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Serving Expectant Parents Statewide With Offices located in:
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History of Adoption & Statistics

You may be wondering about the history of adoption and how it came to exist. We are a great source for all of your adoption questions at Adoption Choices of Arizona. Adoption is defined as legally raising another person’s child as one’s own and assuming all responsibilities for that child. 

If you need adoption help now, please call or text us at 1-480-900-5520 or visit us at Adoption Choices of Arizona.

The History of Adoption

Adoption has a long history in the United States and around the world. Adoption wasn’t a legal process until the Adoption of Children Act of 1851 was passed. Before 1851, birth parents did not relinquish their parental rights. It was customary for parents to send their children to live with a relative or send them to an orphanage. During this time, “adoption” sought to benefit the parents, not the child. Some people use this type of “adoption” to ease the financial burden of having children temporarily. 

The first form of actual adoption often involved relatives adopting family members. This was usually done in secret and not in a courtroom. 

The Adoption of Children Act changed how adoptions were conducted. At this point, adoptions were for the benefit of the child. The goal was to provide adoptees with a better life and more opportunities. The Adoption of Children Act also contributed to the protection of children. 

One of the first organizations to champion the rights of children was the New York Society for the Prevention of Cruelty to Children (NYSPCC). The NYSPCC was created to protect a young girl from her abusive guardians. Initially, no government agencies protected children from abusive parents or guardians, but this changed in 1899. In 1899, the first governmental court was established. Its primary goal was problematic juveniles, but eventually, juvenile courts began to advocate for children’s rights and protections. 

President Franklin D. Roosevelt’s enactment of the Social Security Act of 1935 altered adoption for children all over the country. The SSA provided financial assistance to poor children and families and led to the growth of the foster care system. In 1970, there were approximately 175,000 adoptions, with 80 percent being arranged by adoption agencies. 

The spread of adoption contributed to the existence of different types of adoption: transracial and international. There was often a stigma around putting child up for adoption with parents of a different race, especially black or Native American children, being adopted by white parents. In the 21st century, transracial adoptions are much more common and will continue to be more common as time passes. 

International adoption gained traction after World War II. Apparently, a lot of children were fathered by U.S. soldiers; these children were left orphaned and neglected because of their “mixed-race heritage” (Adoption Network). Holt International Children’s Services is an organization that was founded to assist these “war orphans.” HIC was founded in 1955 and still exists today. 

China was a large purveyor of international adoptions from 1992 to 2004. In 2004, 22,990 children were adopted from China, but since then, those numbers have declined. 

Along with black and older children, it has been challenging to place special needs children for adoption. However, the mid 19th century saw an increase in the number of organizations fighting for special needs adoption. With the assistance and advocacy of these organizations, the number of children adopted with special needs has increased.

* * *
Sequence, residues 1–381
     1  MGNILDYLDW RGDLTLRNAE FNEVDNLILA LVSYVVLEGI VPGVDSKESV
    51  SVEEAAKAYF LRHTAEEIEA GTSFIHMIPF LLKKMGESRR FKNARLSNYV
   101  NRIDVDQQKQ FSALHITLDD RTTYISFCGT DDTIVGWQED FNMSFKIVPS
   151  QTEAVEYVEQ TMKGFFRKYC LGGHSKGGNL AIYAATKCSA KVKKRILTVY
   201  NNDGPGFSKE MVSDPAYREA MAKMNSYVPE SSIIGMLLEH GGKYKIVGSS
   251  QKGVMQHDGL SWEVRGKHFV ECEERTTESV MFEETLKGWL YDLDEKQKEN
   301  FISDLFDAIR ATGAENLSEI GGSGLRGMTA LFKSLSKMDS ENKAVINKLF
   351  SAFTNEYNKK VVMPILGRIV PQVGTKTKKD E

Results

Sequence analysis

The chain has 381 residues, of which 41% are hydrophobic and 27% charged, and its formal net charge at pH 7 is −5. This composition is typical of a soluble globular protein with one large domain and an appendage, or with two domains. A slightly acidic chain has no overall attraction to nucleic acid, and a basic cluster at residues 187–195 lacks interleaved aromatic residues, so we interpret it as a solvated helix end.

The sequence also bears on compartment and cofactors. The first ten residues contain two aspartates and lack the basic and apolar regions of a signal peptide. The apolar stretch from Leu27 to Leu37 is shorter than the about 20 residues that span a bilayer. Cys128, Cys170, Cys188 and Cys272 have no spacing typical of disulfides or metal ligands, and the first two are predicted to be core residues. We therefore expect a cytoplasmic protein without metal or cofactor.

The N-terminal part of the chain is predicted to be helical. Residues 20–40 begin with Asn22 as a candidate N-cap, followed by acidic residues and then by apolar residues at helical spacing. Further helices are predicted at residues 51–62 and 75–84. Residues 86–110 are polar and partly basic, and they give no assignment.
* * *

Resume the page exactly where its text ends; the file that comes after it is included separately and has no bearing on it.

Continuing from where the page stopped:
Adoption Statistics

According to a study accomplished by the University of Oregon, 125,000 children have been adopted annually in the 21st century. Contrary to popular belief, the United States’ adoption rates have declined steadily since 1970; there were 175,000 adoptions in 1970. The University of Oregon estimates that there are 5 million adoptees today, with “2-4 percent of all families have adopted, and 2.5 percent of all children under 18 are adopted.” The UO article cites an interesting contradiction: “adoptions have become rarer during the past several decades, just [as] they have become more visible.” You would think the opposite would be true — increased visibility would lead to more adoptions, but unfortunately, that is not the case.  

The adoption process has been around longer than anyone would probably think. As the times change, we ensure that adoption is an issue that is constantly being promoted. Our agency and those like ours depend on it. Don’t hesitate to contact us at Adoption Choices of Arizona for all of your adoption questions and needs.   

For adoption resources or to begin your adoption journey, birth parents can visit us at Adoption Choices of Arizona or call or text us at 1-480-900-5520. If you are a prospective adoptive family hoping to adopt a baby, please instead, visit us here!

RaynaMeet the Author: Rayna Batiste is an alumna of the University of West Florida with a bachelor’s degree in Creative Writing. Having graduated with honors, she hopes to attend graduate school at New York University, majoring in Journalism. Rayna is also a United States Air Force veteran who enjoys watching documentaries about pretty much any subject, learning, and spending quality time with her family and friends. She is also a fitness enthusiast and an avid Peloton user.
Her hobbies include brunch (yes, brunch is a hobby), fashion, makeup, and of course, reading and writing. Rayna has a real passion for the written word and correct grammar and syntax. She enjoys manipulating sentence structure and experimenting with punctuation in her writing. She’s what you would call a “werd nerd.” She was also recently featured at the Pensacola Museum of Art for her work, entitled Triangular Geometry.